As the Obama administration praises the benefits of the Trans-Pacific Partnership (TPP), backlash continues to grow against the deal. WikiLeaks has just published another section of the secret text — this one about public healthcare and the pharmaceutical industry. Newly revealed details of the draft show the TPP would give major pharmaceutical companies more power over public access to medicine, and weaken public healthcare programs. The leaked draft also suggests the TPP would prevent Congress from passing reforms to lower drug costs. One of the practices that would be allowed is known as "Evergreening." It lets drug companies extend the life of a patent by slightly modifying their product and then getting a new patent. We speak to Peter Maybarduk of Public Citizen and John Sifton of Human Rights Watch about their concerns.
A year ago this month, fighters from the self-proclaimed Islamic State declared they had established a caliphate in the territories they controlled in Iraq and Syria. Since then the Islamic State has continued to grow, building affiliates from Afghanistan to West Africa, while recruiting new members from across the globe. In response, President Obama has sent thousands of U.S. troops back to Iraq. The deployment of another 450 troops was announced on Wednesday. Meanwhile the rise of the Islamic State has reshaped the jihadist movement in the region, essentially bringing al-Qaida to the brink of collapse. According to a new investigation by the Guardian, the Islamic State has successfully launched "a coup" against al-Qaida to destroy it from within. The Islamic State began as al-Qaida’s branch in the heart of the Middle East but was excommunicated in 2014 after disobeying commands from al-Qaida leader, Ayman al-Zawahiri. While the Islamic State has since flourished, the Guardian reports al-Zawahiri is now largely cut off from his commanders and keeping the group afloat through little more than appeals to loyalty. We are joined by Guardian reporter Shiv Malik.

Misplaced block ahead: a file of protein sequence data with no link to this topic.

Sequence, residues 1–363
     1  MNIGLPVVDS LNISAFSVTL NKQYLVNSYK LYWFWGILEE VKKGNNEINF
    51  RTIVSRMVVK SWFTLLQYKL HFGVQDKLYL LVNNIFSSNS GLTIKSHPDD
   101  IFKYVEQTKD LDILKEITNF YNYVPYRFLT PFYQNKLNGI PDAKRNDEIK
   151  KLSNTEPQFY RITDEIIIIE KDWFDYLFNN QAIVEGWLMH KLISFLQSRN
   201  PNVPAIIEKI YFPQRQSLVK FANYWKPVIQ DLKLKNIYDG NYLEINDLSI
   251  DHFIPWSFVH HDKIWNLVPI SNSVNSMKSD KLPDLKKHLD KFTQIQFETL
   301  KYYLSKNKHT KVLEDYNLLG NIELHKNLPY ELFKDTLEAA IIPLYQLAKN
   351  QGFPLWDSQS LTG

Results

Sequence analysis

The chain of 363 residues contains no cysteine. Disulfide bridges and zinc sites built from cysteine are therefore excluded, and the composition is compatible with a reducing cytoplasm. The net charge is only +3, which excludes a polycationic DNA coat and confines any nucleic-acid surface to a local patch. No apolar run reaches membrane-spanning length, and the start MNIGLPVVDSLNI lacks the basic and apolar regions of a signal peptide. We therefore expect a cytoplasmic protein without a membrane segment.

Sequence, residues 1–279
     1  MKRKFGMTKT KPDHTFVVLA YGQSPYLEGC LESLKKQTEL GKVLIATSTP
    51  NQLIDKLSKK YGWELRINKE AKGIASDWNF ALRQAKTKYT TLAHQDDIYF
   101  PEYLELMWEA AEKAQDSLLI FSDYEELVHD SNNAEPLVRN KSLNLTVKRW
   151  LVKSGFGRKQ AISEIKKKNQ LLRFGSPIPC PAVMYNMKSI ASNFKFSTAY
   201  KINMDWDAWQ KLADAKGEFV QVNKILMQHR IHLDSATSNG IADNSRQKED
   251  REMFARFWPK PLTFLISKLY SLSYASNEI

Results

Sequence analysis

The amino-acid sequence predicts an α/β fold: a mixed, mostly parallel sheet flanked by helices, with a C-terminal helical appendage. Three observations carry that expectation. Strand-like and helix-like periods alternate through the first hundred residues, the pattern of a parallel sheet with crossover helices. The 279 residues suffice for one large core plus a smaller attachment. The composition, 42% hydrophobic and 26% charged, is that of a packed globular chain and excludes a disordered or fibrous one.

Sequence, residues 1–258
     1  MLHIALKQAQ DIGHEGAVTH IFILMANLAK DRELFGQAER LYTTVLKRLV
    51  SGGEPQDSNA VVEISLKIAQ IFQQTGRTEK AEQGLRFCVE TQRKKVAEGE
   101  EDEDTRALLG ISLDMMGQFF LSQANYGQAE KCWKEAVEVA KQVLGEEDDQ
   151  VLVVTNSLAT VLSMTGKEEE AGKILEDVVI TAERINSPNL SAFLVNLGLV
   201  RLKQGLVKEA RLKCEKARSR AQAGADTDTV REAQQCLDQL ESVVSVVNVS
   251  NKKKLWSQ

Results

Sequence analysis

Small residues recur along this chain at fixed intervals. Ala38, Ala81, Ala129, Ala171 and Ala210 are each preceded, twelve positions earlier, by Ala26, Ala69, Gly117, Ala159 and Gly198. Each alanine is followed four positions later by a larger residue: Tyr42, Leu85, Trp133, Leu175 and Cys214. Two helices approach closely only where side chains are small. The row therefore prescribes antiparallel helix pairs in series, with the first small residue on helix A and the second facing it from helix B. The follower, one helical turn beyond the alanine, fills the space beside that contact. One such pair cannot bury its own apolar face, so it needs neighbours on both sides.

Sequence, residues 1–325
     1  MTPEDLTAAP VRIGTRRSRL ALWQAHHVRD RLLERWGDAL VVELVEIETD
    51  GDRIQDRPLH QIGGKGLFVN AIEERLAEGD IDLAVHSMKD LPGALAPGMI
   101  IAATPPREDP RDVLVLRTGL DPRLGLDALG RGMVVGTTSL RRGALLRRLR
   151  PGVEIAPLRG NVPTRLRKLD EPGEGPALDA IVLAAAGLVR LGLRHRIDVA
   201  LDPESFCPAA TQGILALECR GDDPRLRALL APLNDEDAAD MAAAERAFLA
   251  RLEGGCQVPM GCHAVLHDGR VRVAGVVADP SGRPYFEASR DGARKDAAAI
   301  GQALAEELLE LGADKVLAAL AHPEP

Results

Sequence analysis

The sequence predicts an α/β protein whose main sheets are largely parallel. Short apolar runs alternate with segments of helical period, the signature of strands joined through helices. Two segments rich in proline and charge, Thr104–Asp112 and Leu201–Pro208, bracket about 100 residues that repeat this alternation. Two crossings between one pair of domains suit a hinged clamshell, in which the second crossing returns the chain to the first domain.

This week has seen a new round of restrictions on reproductive rights in the United States. In Texas, a federal appeals court Tuesday upheld anti-choice provisions which threaten to leave Texas with just 10 or fewer abortion clinics. The ruling upholds restrictions forcing abortion facilities to meet the standards of hospital-style surgery centers and forcing providers to obtain admitting privileges at a nearby hospital. If the decision goes into effect in about 20 days, attorneys for the clinics have estimated about 900,000 reproductive-age women will live more than 150 miles from the nearest open abortion facility in the state. The clinics plan to take their appeal to the Supreme Court. Meanwhile, Florida Governor Rick Scott has signed a bill into law forcing women to wait at least 24 hours to have an abortion. And the Wisconsin state Senate has approved a bill that would ban abortions after 20 weeks of pregnancy. Like similar bans in other states, and a federal ban passed by the U.S. House last month, the bill is based on the medically debunked claim fetuses can feel pain after 20 weeks. We are joined by Heather Busby, executive director ofNARAL-Pro Choice Texas.
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